Mass Street & more
Shot and a show
A spoonful of sugar helps the medicine go down, but an injection calls for something stronger: show tunes.
Since February, Sigler Pharmacy, run by Jeff Sigler, p’84, PharmD’12, teamed with Theatre Lawrence director Mary Doveton, g’79, and staff to host about 30 clinics administering more than 10,000 COVID-19 vaccinations and a healthy dose of song and dance.
Vaccine-seekers check in at Will Call, receive their jabs in the lobby, then take seats onstage to wait out the observation period with a video serenade from past productions.
The collaboration was a chance to utilize shuttered space, highlight the “heavy hit” borne by theatres in the pandemic, and help the needle-phobic tune out their terror.
“There’s a lot of anxiety about getting a shot—especially this shot—so maybe it made them a little more comfortable,” Sigler says of the Broadway backdrop. “I think it worked well.”
Indubitably. In a most delightful way.
Forbes hails Weaver’s tenacity
Weaver’s Department Store, for more than 160 years downtown’s stalwart anchor, recently received well-deserved recognition on Forbes.com, which hailed Lawrence’s traditional retail hub for its decidedly modern touches. “As an independently run department store in 2021,” wrote Michael Lisicky, a Forbes contributor who specializes in department stores, “Weaver’s is a very rare breed. Fifty years ago, 22 such stores operated throughout the state of Kansas. Today, barely a half dozen are still open for business across the entire country.” Lisicky noted that after weathering a two-month closure and pandemic-related supply chain delays that are still ongoing, Weaver’s is poised to continue offering its loyal customers good selections at attractive prices, along with amenities that distinguish it from soulless big-box stores: “Weaver’s assortment of apparel and home goods satisfies the definition [of a department store], especially according to today’s standards—perhaps more accurately even than Nordstrom and Von Maur.”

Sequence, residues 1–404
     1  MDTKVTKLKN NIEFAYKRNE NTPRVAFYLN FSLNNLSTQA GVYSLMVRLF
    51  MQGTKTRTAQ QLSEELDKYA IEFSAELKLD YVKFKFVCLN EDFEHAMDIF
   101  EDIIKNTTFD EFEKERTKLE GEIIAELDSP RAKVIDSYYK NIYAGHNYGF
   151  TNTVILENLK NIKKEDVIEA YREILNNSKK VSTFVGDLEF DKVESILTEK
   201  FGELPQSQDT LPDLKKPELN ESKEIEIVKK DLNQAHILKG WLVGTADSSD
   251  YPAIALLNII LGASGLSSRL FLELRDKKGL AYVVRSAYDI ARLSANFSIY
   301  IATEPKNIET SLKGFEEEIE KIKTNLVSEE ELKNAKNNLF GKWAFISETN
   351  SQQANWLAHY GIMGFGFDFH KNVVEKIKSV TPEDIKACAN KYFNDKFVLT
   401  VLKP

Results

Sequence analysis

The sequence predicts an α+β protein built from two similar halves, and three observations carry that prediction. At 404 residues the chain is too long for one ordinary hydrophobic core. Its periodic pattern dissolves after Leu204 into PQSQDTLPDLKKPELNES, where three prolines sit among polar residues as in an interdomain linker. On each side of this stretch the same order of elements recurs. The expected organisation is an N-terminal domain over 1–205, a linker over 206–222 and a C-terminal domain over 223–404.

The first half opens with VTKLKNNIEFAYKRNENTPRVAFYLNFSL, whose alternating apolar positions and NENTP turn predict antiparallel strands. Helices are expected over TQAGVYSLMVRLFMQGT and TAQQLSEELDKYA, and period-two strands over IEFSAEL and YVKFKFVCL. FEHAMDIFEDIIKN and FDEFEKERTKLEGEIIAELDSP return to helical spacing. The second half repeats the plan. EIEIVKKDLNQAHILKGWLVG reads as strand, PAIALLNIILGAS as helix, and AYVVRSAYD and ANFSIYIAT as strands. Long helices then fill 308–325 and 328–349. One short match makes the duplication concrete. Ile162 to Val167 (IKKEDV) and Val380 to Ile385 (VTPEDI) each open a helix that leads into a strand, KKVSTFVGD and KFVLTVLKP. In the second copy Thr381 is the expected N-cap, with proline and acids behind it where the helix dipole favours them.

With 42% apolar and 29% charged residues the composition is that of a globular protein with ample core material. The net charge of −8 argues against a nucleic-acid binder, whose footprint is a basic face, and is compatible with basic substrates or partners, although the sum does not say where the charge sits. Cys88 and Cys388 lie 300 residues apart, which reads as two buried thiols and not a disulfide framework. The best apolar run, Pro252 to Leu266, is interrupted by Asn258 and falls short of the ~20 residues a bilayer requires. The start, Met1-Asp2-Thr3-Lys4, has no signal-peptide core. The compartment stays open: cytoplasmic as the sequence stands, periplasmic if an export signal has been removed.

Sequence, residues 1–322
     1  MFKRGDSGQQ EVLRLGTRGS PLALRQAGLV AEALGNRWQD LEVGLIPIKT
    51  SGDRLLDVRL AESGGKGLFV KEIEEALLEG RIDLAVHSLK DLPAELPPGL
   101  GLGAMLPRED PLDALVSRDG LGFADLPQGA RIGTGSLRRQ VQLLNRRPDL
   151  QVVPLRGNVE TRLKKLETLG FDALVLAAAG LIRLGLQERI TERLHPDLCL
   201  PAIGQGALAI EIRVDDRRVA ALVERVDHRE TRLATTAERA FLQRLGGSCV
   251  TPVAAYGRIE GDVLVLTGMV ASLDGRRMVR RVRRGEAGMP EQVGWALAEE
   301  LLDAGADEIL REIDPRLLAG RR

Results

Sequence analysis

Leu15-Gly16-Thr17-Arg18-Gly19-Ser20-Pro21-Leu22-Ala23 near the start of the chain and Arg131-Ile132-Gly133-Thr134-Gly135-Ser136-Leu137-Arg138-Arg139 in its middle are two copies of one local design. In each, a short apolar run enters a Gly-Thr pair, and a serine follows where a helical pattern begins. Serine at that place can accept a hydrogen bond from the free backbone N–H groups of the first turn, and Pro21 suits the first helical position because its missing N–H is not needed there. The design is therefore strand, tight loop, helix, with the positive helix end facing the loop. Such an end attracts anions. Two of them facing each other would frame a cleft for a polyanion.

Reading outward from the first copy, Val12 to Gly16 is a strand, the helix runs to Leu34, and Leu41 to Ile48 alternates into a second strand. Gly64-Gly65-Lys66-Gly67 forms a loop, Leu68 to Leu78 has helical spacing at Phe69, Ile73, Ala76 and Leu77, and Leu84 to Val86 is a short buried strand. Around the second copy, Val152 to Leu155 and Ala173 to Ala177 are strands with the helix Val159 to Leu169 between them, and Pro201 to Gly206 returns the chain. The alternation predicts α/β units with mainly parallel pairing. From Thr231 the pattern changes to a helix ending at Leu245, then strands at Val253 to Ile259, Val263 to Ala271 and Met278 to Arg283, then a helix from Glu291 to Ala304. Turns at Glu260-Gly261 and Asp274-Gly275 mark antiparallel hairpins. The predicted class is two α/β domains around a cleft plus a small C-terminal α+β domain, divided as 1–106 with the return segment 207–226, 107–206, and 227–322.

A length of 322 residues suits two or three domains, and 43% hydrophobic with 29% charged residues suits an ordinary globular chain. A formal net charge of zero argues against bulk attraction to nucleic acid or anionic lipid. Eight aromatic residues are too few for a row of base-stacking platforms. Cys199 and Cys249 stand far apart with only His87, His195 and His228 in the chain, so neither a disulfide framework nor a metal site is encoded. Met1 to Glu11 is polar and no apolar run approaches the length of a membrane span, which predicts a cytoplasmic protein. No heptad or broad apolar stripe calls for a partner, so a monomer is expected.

New art brightens old corner
“Paradoxical Synapse,” the gleaming new sculpture at Eighth and Vermont, is 10 feet of cold-cast aluminum poured and polished over a durable frame of steel, wire mesh and fiberglass, perched seemingly weightlessly atop a 3-foot tall base.
Sculptor Jacob Burmood, g’13, created the elegant, playful piece to hold its own on a downtown corner dominated by heavy brick buildings without drowning out historic elements of the structure whose renovation it celebrates, Fire Station No. 1 and Douglas County Senior Services. Lawrence’s latest public art installation is a joy for all passersby, but its shiny skin and abstract forms are special delights for schoolchildren. “The response I get from kids is totally priceless,” Burmood says from his Kansas City studio. “They see things in abstract works that always surprise me.”